University as business October 11, 2017

The Wrong Way to Talk about Higher Ed

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Picture a day when you’ve gathered your faculty together to have a substantive conversation about some pressing issue facing the institution. You explain the situation using terms such as revenue, the business of education, efficiencies, degree production, throughput, and the like. This may seem sensible given that, in part, universities function like businesses. As with our counterparts in the for-profit corporate world, we in education experience the reality of balancing budgets and making tough choices about how to steward limited financial resources.


Preparing Academic Leaders September 25, 2017

Best Practices in Preparing Academic Leaders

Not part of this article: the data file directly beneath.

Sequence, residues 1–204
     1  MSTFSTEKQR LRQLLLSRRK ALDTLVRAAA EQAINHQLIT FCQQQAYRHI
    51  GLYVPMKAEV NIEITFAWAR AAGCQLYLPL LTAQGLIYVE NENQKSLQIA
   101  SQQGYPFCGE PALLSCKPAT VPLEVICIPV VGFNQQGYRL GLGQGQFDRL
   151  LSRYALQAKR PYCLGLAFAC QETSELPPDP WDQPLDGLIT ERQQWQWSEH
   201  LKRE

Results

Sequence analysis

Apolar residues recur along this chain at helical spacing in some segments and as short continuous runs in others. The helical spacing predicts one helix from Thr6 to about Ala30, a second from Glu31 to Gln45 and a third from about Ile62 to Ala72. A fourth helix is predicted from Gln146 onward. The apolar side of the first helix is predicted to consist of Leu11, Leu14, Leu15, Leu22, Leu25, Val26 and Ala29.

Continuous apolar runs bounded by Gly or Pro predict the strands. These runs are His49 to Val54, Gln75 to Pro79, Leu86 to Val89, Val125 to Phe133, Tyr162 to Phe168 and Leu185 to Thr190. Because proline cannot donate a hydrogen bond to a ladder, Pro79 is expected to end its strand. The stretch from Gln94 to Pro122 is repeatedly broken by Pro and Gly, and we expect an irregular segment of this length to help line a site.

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It’s increasingly common for colleges and universities to offer programs designed to help chairs, deans, and other academic leaders become more effective. Sometimes falling under a center for teaching and learning, at other times existing as an independent office for leadership and professional development, these programs reflect the recognition that college administrators often come to their jobs woefully underprepared for their responsibilities. How can institutions know whether their academic leadership initiatives are worth the resources they require? Here are five practices commonly followed by successful leadership training programs.